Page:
As University of Virginia psychiatrist and past life researcher Jim Tucker tells Skeptico, there are several quantum physicists—including some of its most preeminent pioneers—who have regarded reality as being a co-creative generation of an underlying mind. And if this were the case, then the idea that consciousness transcends death of the physical body would not only be compatible with scientific theory, it would be expected of it.

In support of Tucker’s claims, a “delayed choice thought experiment”—first proposed by idealist physicist John Wheeler—has recently been performed at the Australian National University, confirming that “at the quantum level, reality does not ‘exist’ if you are not looking at it,” in the words of ANU Professor Andrew Truscott. Certainly, this suggests an independent importance of the mind of a subjective observer.

In fact, only once atoms are observed at the end of their journey do they make a “choice” between quantum states, dictating which path they take in the past! Until then, reality is merely an abstraction—a suspended state of uncertainty. But there is no logic in simply leaving this craziness alone in the “quantum world” without questioning the implications for consciousness on a greater scale.

That is: Who is the observer behind these eyes? Is there a transcendent mind? An unseen soul? And can this energetic awareness of self indeed survive death of the body, and flow into other forms?

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We’ll Live and We’ll Die and We’re Born Again: Analyzing Issues of Religion, Soul, Reincarnation and The Search for True Spirituality (Part 1 of 3)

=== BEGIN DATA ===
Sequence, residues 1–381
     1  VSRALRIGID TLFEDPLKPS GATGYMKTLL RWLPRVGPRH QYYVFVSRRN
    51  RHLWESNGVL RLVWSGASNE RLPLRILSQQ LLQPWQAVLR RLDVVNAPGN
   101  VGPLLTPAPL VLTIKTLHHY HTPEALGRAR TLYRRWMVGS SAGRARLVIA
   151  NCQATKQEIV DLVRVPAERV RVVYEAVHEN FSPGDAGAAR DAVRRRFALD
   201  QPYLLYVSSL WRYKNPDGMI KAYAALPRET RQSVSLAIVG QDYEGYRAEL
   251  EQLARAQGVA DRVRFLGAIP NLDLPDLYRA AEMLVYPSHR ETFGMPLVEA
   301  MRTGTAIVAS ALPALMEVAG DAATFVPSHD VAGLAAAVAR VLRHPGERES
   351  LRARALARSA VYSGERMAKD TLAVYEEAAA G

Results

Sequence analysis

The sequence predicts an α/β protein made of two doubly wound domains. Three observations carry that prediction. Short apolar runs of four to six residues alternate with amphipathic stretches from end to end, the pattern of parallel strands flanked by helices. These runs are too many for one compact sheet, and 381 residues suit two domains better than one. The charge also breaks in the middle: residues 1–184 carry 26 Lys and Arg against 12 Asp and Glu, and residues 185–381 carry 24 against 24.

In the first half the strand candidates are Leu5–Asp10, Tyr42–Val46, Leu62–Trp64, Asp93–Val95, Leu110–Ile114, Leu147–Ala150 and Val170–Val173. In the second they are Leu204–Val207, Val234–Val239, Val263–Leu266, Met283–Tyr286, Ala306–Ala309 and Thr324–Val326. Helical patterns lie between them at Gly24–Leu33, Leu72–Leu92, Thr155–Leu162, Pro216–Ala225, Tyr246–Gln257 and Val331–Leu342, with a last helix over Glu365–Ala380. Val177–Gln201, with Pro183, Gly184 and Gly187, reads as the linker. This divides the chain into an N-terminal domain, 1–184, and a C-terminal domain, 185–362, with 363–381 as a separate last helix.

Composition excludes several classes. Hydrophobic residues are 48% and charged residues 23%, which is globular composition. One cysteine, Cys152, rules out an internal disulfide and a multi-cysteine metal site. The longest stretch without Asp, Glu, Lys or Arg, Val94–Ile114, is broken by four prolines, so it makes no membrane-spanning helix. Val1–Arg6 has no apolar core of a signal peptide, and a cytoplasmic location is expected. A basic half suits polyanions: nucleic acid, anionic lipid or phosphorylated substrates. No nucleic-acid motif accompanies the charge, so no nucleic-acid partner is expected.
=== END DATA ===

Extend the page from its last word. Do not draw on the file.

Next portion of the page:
“Science is not only compatible with spirituality; it is a profound source of spirituality.”

-Carl Sagan, acclaimed astrophysicist & father of modern skepticism, The Demon Haunted World: Science as a Candle in the Dark (1995)

A Question I’ve Long Pondered:

Why am I born who I am?

Come on, it’s not like I don’t know how babies are made, but I’m asking this from a deeper level—why am I born as a male human being, in this country, to these parents? Why not in Zimbabwe, or Syria, or even North Korea? Why not an elephant for that matter, a soaring blue jay, or an advanced alien race, at the other end of the Milky Way?

Who is the “I” in this case I treasure so deeply? Because to me, this identity has to be something more than simply the symbols that my parents assigned since arriving to this world.

In other words: why am I me and why are you you? 

And why are we both alive right now, as intelligent beings on a beautiful planet among billions of others in this galaxy?

earth
Who decides?

Unfortunately, we as a humanity are at the mercy of a paradoxical existence: As much as we come to know our bodies, identifying with it as we are told, we can never shift outside of ourselves, and look directly into our soul. As such, it wasn’t long before I was made to forget this question that others would consider so strange, knowing simply:

“My name is Mark. This is me! I come from a Roman Catholic family. And I am only seven years old.”

Oh but I hated Sunday school! And that’s putting it lightly. My twin and I would devise all sorts of ways to escape this religious instruction, and it is no wonder I was not prepared in the least for my first communion . . .